Phorm is, and will continue to be for some time I think a hugely divisive issue online. BBC have another story today about it, this time having spoken to the various security companies like F-Secure, McAffee etc about whether they will flag a message to the user about whether Phorm has been enabled or not.
Phorm management have come out saying "it's only a cookie", the same as many other sites use to provide tracking (such as Google Analytics), interactivity (such as shopping carts or ID maintenance on numerous retail sites), or a small amount of memory (configuration information for the BBC home page for example).
The difference, though, is that the information is being used differently because data is being shared.
This is what got the Information Commissioners Office's back up because sharing data between companies without users opting in is a breach of the Data Protection Act - "But not if it's anonymous data" say the legal eagles from Phorm - and technically they are correct. This is a case of adopting the letter of the law rather than the spirit of it.
Tim Berners-Lee came out saying he would move ISP if he found out they were using Phorm and whilst I admire his line I fear the vast majority of consumers won't care or rather just won't be bothered to switch - just see how many people actually switch bank or utilitiy companies.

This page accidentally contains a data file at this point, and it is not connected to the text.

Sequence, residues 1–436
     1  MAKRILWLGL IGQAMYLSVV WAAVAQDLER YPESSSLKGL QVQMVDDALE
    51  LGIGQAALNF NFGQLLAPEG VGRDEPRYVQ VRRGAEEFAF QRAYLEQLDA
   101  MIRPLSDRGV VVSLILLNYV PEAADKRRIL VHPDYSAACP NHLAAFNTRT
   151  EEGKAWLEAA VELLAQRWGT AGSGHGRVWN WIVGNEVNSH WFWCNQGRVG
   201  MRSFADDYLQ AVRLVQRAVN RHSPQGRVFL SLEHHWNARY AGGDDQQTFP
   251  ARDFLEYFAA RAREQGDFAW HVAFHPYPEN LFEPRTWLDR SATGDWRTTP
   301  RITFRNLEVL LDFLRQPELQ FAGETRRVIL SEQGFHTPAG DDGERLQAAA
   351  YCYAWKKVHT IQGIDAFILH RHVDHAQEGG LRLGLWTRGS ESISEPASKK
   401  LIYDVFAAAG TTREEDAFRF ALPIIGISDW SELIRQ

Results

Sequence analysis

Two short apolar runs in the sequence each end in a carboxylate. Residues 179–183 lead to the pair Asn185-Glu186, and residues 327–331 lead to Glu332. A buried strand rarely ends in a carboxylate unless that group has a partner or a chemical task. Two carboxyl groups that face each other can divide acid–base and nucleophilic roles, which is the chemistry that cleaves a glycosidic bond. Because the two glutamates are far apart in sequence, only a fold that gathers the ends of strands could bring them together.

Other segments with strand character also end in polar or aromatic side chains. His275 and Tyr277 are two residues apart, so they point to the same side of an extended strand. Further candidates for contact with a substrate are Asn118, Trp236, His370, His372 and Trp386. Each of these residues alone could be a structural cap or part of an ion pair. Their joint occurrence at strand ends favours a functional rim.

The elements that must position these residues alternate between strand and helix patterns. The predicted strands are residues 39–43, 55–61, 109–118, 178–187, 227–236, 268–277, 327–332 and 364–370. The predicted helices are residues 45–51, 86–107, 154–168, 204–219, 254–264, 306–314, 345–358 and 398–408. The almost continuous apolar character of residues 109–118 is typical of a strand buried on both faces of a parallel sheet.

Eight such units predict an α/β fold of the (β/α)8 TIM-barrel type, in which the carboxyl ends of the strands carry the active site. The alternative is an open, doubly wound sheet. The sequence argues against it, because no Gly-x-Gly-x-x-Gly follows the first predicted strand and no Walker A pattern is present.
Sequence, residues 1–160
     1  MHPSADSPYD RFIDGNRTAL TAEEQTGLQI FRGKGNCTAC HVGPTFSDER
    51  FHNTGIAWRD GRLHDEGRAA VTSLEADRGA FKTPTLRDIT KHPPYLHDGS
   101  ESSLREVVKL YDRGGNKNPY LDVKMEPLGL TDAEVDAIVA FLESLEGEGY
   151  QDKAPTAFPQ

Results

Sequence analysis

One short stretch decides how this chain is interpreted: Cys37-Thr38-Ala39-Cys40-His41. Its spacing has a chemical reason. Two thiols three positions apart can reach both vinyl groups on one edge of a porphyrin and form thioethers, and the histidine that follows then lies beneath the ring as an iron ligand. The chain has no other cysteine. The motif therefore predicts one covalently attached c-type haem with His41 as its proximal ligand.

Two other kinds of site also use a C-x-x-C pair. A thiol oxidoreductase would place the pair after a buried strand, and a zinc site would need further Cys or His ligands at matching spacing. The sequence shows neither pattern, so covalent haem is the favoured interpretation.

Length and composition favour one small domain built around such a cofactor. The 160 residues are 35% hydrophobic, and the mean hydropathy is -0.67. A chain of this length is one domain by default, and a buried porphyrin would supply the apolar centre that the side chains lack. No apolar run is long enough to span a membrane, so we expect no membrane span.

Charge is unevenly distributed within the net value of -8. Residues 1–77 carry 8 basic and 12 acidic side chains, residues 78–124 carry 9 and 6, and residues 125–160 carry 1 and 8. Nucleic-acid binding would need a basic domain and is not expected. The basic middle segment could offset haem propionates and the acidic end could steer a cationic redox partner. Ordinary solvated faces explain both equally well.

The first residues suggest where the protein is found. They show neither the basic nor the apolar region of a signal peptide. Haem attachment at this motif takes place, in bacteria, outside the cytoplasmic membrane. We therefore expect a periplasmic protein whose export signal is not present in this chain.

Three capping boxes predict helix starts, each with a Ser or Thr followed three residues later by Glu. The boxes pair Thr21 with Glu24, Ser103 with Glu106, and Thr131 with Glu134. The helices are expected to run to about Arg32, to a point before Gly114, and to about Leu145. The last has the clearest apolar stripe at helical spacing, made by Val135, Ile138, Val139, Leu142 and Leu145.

For me this is a case of the slow erosion of privacy at the hands of our ISPs. In a massively competitive market where margins are being squeezed ever tighter, the sale of their user data to Phorm must have seemed like the proverbial golden goose.
It won't take long for someone to cotton onto the flip side of this and market aggressively on the privacy front. Talk Talk made huge inroads as an ISP on the back of their "The Internet should be free" campaign with regard to price (being bundled as it was with other services). Who will be the first to play the "Internet should be private" card and sign up to a deal not using Phorm or other tracking software?
In my cynical world view, I think the security firms have realised this and it is 99% of the reason for why they are looking at it all as the anti-spy, -mal and -virus software is worth billions.
In real terms Phorm isn't actually that clever a piece of technology - most of what has been achieved is in the brokering of deals between ISPs and content owners and then a bit of clever gluing in the middle.
In the end Phorm will either be a great white elephant and just slip off the radar the way many technologies and companies have done or else it may actually be a spur to drive privacy legislation forward in line with our digital behaviour - how long it will take to do this however is the question as government is typically a long way behind technology in terms of law-making.